Remember everything. Wouldn’t that be nice? It is Evernote’s slogan, however, and while Evernote won’t remember everything, it does help me store, log, and retrieve information that I find useful.
I use Evernote in a lot of ways for personal and professional use. I’m a husband, a dad, and a pastor of a small church in rural Indiana. I have been using Evernote for five and a half years, most of that time on their premium subscription (it is literally the only web type service I have ever shelled out money for).
Evernote is completely simply and yet inexplicably complicated, all at the same time. It is so open ended, that often times it is a struggle to use for many just starting out (myself included). So, before I list out how I use Evernote as a pastor, I want to point out a few things:
- I use Evernote because I wanted everything in one ecosystem and value having things extremely mobile and on the go. As you will see, I put a lot in there, and I definitely enjoy having all my information in one place that I can access in iOS, Android, Windows, MacOS, or any web browser. Evernote is on every platform, which is a huge plus for me.
- You could use other systems. OneNote by Microsoft is comparable, though I have never used it. In theory, what I’m about to explain you could do with a USB drive and Microsoft Office, or file folders- but I find that Evernote is the best for me. I hope that by sharing what I do, you will be able to adapt to your current organizational apps/structure.
- I found early on in ministry, though I was good at being organized and administration, I couldn’t remember every detail from last year’s mission trip as I planned this year’s. When did I preach on John’s Gospel last? Had I already used this funny story as as sermon starter at this church? Or was that the last church? I have a great memory and rarely forget things- but these are the questions I struggled with that Evernote helps me to remember.
- I am not an Evernote ambassador in any way. Just a pastor that loves an app and wants to share it.
- I am assuming some basic understanding of the app- but everything is available at the free level (unless otherwise noted). You do not need to pay money to do all of this or any of this.
Evernote is a great word processor. It is simple, not bloated with features that I don’t need to type a sermon, and (a reoccuring theme here) I can save it all in Evernote and access on any device, anytime.
But let’s get a little more technical. Evernote is my giant filing cabinet that I can carry in my pocket. For example, I read a book by Chuck Swindoll (among others) that have suggested keeping file folders of sermon introduction ideas, sermon series ideas/sermon ideas, and scripture study work. Let’s unpack this a little. Each of these categories I have as a separate notebook and a separate note for each idea.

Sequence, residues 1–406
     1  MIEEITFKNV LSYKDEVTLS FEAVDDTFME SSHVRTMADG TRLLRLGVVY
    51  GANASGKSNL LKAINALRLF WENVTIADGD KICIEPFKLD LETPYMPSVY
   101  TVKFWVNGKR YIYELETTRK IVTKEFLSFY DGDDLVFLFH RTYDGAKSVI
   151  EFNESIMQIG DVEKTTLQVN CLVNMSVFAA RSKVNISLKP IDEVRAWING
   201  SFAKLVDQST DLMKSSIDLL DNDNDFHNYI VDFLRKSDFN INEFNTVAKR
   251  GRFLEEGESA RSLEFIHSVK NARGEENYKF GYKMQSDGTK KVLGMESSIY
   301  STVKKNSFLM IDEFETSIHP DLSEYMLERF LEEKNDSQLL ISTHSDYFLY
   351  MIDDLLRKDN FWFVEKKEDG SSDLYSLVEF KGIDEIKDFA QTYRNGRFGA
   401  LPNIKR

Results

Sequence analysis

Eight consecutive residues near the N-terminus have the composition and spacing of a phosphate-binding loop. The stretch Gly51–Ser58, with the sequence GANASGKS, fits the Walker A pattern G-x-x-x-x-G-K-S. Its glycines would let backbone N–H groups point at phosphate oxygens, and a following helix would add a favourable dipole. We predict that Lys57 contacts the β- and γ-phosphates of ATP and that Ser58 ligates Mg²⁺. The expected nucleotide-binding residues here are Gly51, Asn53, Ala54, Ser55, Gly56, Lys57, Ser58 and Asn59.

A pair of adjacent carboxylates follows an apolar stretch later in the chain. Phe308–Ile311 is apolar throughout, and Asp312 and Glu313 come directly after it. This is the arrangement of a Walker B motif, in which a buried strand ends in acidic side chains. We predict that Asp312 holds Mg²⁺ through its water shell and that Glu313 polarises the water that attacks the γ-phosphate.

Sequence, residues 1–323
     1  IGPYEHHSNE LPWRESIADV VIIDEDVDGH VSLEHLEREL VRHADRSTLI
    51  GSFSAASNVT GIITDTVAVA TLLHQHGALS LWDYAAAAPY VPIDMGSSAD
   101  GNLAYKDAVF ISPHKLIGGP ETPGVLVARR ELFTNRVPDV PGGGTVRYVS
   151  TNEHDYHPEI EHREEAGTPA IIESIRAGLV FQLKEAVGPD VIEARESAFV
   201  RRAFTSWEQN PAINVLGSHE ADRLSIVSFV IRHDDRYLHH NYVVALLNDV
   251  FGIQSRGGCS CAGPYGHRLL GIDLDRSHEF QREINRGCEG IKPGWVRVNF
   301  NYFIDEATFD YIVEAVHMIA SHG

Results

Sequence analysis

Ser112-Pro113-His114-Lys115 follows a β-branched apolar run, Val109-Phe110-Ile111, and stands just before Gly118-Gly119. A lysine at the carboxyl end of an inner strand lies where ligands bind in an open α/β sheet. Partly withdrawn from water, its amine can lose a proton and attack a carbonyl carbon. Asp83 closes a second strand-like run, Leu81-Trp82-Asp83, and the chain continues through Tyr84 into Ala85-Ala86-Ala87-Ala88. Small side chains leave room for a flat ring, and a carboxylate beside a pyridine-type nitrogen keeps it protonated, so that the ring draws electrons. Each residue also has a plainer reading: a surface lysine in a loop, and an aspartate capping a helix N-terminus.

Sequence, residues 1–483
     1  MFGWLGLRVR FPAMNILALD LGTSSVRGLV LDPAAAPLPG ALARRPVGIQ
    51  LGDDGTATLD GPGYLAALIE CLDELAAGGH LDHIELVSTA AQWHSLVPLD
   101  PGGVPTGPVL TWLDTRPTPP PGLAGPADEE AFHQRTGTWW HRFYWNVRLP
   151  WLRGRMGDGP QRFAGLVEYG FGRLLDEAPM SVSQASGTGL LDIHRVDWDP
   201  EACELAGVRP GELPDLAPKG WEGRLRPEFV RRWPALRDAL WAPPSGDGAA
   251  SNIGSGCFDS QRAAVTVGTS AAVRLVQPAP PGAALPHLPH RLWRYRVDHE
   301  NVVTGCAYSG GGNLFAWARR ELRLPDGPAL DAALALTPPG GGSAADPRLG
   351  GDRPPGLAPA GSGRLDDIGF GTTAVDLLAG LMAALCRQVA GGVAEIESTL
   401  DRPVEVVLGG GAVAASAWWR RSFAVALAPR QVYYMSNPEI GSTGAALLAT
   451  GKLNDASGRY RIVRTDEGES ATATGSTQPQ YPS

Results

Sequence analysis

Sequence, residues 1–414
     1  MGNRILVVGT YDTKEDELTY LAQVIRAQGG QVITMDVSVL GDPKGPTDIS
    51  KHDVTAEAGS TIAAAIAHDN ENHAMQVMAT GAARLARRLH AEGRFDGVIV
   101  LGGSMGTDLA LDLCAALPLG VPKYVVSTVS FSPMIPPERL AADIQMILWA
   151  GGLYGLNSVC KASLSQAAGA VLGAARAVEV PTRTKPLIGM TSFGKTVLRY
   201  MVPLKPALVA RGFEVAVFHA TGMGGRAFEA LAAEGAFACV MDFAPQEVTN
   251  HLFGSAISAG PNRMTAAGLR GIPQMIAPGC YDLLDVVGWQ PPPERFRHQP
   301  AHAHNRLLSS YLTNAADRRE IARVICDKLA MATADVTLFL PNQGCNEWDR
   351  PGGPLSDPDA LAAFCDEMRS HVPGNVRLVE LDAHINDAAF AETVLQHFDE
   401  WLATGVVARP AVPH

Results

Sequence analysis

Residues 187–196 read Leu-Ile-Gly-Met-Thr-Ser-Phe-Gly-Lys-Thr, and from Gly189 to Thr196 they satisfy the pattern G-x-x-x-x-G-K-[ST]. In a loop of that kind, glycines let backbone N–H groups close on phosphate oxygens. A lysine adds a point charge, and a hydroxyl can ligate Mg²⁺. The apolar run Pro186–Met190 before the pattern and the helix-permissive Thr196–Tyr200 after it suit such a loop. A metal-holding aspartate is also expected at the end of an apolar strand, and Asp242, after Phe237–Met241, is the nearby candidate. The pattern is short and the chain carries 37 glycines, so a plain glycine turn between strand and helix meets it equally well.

I was reading a book with my sons the other day about Abraham Lincoln as a boy. He almost drowned in a river and was saved by a childhood friend we in mainstream America don’t know. The boy’s name was Austin Gollaher. It is a great story because who knew Austin would be so important to our nation’s history- yet we don’t know him. If Lincoln had died, how different would our country be right now?
It speaks to the power of we don’t always know the long term impacts we have. It will be a great story to grab attention someday- when I preach that sermon. Therefore, in Evernote, I have a Notebook called “Sermon Introduction Ideas” and it in I have this Abraham Lincoln story. I have a hyperlink to actual historical data and research I did on it with my kids, and I tag a few key words: power of action, small things/big result, etc.
I often refer to this Notebook when I get stuck opening or closing a sermon, or just looking for a new story or idea. If I am on the go and I hear a good idea, I can quickly create a note with my smartphone Evernote app. I can easily add things as I hear/see them. I am constantly adding (then using) items from this Notebook.
We could go through the same process for sermon ideas/series ideas, and in the picture I have a Sermon Ideas Notebook. Inspiration doesn’t hit 9-5 while I am in my office. It happens in the shower, before bed, as I hear something on a podcast. With Evernote, I can store all these ideas in one place and quickly, easily, and have access anywhere.
For each note in this notebook, I’ll title the note the general idea of the sermon itself or the sermon series. In the note, I’ll list out all the ideas running in my head: why it would be good; what scripture comes to mind; any artwork or media. I update this file as I go, so while it could start out with just a few words, by the end of the sermon series itself, it is full of ideas, images, quotes, graphics, etc. It is a dumping ground for the whole sermon series for my brain.